stocks n : a wooden instrument of punishment on a post with holes for the neck and hands; offenders were locked in and so exposed to public scorn [syn: pillory]
device for public humiliation and punishment
- ttbc Hebrew
- Third-person singular present tense of the verb to stock.
Stocks are devices used since medieval times for public humiliation, corporal punishment, and torture. The stocks are similar to the pillory and the pranger, as each consists of large, hinged, wooden boards; the difference, however, is that when a person is placed in the stocks, their feet are locked in place, and sometimes as well their hands or head, or these may be chained. Also, some versions have small strings to hold the toes in place. The victim is in a sitting position.
With stocks, boards are placed around the legs or the wrists, whereas in the pillory they are placed around the arms and neck and fixed to a pole, and the victim stands. However, the terms can be confused, and many people refer to the pillory as the stocks.
The practice of using stocks continues to be cited as an example of cruel and unusual punishment.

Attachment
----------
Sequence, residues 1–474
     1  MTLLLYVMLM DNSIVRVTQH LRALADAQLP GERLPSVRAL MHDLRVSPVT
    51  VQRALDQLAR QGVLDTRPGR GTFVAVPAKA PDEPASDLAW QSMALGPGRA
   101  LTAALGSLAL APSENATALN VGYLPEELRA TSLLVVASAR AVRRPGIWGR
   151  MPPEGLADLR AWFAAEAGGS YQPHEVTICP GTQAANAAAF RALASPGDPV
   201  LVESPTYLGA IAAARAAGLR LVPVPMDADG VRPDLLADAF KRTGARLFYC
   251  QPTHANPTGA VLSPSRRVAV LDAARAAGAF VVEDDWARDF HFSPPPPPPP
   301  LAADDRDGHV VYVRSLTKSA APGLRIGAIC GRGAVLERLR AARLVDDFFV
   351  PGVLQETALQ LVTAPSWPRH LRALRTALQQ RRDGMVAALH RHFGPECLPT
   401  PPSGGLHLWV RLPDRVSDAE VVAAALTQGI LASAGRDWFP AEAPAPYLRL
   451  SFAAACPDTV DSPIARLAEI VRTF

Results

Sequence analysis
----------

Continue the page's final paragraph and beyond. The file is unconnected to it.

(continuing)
Historical usesThe stocks were popular in medieval times as a mild restraining device for minor offenders. In the stocks, an offender's hands and head, or sometimes their ankles would be placed and locked through two or three holes in the center of a board. Either before or after this the wrongdoer might have his or her footwear removed, exposing their bare feet. Exhibiting an offender's bare feet was considered a form of humiliation. Offenders were forced to carry out their punishments in the rain, during the heat of summer, or in freezing weather, and generally would receive only bread and water, plus anything brought by their friends.
Public stocks were typically positioned in the most public place available, as public humiliation was a critical aspect of such punishment. Typically, a person condemned to the stocks was subjected to a variety of abuses, ranging from having refuse thrown at them, paddling, and tickling, to whipping and roasting of the unprotected, extremely sensitive bare feet, a now illegal action called bastinado.
The stocks were used in Elizabethan England, and by the Puritans in the colonial period of American history. Their last recorded use in the United Kingdom was in 1872 at Adpar, west Wales
Finger pillories often went by the name of finger stocks
Stocks were also used as punishment for military deserters, or for dereliction of military duty.
The stocks have also taken on a lighter image, as they are often found at Renaissance Fairs where the public can experience a form of "stocks entertainment" by watching actors locked in the stocks.
Locations of examples in England include:
stocks in Danish: Gabestok
stocks in German: Stock (Fessel)
stocks in Icelandic: Gapastokkur
stocks in Polish: Dyby
stocks in Finnish: Jalkapuu
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